10 Search Filters in SuiteScript 2.0

In this edition, we explore creating our own Searches and working with Search Filters in SuiteScript 2.0.

To coincide with this series of articles on Searching, I have also created a series of SuiteScript cookbooks focused on Searching. If you are tired of NetSuite’s unrealistic or broken examples, then these cookbooks are for you.

Creating Searches and Filters

We begin by looking at the APIs for creating first a Search then a Filter. In SuiteScript 1.0 we could create an nlobjSearch instance with nlapiCreateSearch. In 2.0, we utilize the N/search module’s create method, which behaves much like its 1.0 counterpart. As we create the search, we can specify its Record Type, its Filters, and its Columns.

API Equivalencies for creating Searches and Filters

In order to specify those Filters, we use the N/search module’s createFilter method. As you can see there are a lot of options when creating a Filter; we will focus here on the most commonly used of those.

As always, these APIs are best explored through an example. Let’s build a Search that finds all active Employees hired within the past 12 months.

Using createFilter

1.0 2.0

We’ll be exploring Search Columns in their own article, so we won’t worry about specifying any here.

As the Intro to Searching article already describes the APIs for processing Search Results in detail, what you do with these Search Results is left as an exercise for you.

Using Object Descriptors

In SuiteScript 2.0, there are actually three different approaches we can use when specifying Search Filters. We’ve already seen how to use the createFilter method, which is the most verbose of the three.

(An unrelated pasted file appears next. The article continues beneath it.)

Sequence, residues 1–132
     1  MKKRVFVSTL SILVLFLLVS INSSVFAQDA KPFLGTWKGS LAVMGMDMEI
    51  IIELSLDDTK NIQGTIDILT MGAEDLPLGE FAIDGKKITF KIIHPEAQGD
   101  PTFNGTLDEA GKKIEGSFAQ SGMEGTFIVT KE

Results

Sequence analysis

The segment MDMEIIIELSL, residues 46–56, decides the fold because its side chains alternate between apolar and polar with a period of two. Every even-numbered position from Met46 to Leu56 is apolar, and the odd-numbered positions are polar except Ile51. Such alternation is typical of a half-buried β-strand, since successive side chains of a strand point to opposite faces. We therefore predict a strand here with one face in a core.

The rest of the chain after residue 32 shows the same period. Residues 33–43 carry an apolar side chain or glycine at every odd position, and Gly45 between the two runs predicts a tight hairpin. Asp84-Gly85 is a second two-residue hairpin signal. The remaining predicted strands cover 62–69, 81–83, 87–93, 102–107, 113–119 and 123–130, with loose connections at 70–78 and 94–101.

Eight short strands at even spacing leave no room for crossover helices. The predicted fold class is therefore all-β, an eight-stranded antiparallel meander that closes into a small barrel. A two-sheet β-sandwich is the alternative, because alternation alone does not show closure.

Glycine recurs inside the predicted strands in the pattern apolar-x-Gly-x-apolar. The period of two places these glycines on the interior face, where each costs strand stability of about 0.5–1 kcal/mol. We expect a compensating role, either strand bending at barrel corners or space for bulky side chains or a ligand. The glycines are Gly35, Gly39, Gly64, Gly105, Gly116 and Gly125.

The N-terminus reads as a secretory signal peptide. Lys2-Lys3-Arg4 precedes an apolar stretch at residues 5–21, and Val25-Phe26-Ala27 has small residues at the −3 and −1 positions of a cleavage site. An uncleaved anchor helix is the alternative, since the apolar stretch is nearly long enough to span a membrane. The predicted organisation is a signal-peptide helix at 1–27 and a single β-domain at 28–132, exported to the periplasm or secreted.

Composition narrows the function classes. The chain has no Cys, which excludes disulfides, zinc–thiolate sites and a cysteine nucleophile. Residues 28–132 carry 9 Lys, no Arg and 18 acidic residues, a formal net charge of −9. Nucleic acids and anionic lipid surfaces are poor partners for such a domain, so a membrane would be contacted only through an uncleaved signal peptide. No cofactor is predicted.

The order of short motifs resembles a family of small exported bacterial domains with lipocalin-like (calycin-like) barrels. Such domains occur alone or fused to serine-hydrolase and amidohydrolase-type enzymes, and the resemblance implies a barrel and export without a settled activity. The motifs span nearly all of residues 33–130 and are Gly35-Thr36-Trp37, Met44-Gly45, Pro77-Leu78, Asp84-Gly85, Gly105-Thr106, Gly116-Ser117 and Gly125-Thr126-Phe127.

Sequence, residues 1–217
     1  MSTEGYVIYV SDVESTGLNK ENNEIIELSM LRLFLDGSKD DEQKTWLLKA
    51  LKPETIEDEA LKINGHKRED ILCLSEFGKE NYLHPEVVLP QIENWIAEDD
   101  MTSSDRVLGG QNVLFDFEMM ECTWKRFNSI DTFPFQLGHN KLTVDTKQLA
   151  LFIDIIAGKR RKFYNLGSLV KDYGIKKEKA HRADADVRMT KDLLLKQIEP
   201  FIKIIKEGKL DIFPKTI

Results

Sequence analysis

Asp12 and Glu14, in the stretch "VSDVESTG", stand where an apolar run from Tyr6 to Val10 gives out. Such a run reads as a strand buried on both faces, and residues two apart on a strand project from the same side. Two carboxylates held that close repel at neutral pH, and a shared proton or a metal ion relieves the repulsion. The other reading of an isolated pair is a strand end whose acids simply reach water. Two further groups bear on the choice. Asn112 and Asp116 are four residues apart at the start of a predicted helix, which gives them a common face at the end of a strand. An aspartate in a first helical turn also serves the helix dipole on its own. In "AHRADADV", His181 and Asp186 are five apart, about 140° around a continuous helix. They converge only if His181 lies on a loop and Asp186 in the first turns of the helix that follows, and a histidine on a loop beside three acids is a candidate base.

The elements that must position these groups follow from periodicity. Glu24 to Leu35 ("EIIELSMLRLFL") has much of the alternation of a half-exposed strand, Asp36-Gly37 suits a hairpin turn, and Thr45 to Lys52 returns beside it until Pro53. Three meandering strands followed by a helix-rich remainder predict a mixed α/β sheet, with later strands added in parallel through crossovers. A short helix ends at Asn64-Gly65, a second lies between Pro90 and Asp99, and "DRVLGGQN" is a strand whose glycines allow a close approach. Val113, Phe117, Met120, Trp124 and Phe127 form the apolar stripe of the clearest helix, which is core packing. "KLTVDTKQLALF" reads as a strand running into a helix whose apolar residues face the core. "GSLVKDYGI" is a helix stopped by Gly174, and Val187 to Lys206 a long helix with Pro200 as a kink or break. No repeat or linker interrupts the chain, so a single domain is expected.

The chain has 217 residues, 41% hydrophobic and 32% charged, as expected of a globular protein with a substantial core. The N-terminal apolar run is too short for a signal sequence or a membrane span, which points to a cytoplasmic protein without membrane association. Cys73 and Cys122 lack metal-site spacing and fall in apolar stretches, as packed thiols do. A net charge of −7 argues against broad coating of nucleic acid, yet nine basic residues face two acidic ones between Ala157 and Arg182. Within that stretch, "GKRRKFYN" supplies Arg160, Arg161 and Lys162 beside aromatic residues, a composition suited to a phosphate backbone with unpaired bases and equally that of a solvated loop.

The second approach is to simply use a plain Object with the same properties as we specify in createFilter. Let’s modify our previous example to use this approach. Essentially, all we need to do is remove the call to createFilter and leave the Object we were passing to it.

Using Filter Expressions

The third approach for specifying Search Filters is through Filter Expressions. If you are already familiar with Search Expressions from 1.0, they have not changed in 2.0; the syntax remains the same.

Filter Expressions are my preferred means of specifying Filters as they are the most flexible, powerful, and concise of the three approaches. There is quite a bit more that Filter Expressions can accomplish, but we’ll leave that for a much more advanced and in-depth article all its own.

Filter Manipulation

We’ve seen how to specify our Search Filters when we create a Search from scratch, but how do we modify the Filters on an existing Search?

SuiteScript 1.0 provided many methods for retrieving and manipulating Search Filters. In 2.0, I believe it gets quite a bit simpler.

API Equivalencies for Manipulating Search Filters

In 1.0, we had to use several methods on the nlobjSearch instance to manipulate either the Filters or the Filter Expression. In 2.0, the Filters are accessible via the filters property which is an Array of s.Filter Objects. We can manipulate this property directly as a normal JavaScript Array.

This means we can use standard Array methods like push and concat to add Filters to the Array; we could use methods like pop or shift to remove Filters from the Array. There was no corresponding removal functionality in 1.0.

We can also manipulate the Filters as a Filter Expression directly via the filterExpression property.

We have still barely scratched the surface of Searches in SuiteScript 2.0; if you’re looking to accelerate your mastery of searching in SuiteScript with realistic, fully functioning examples, check out my Searching with SuiteScript cookbooks.

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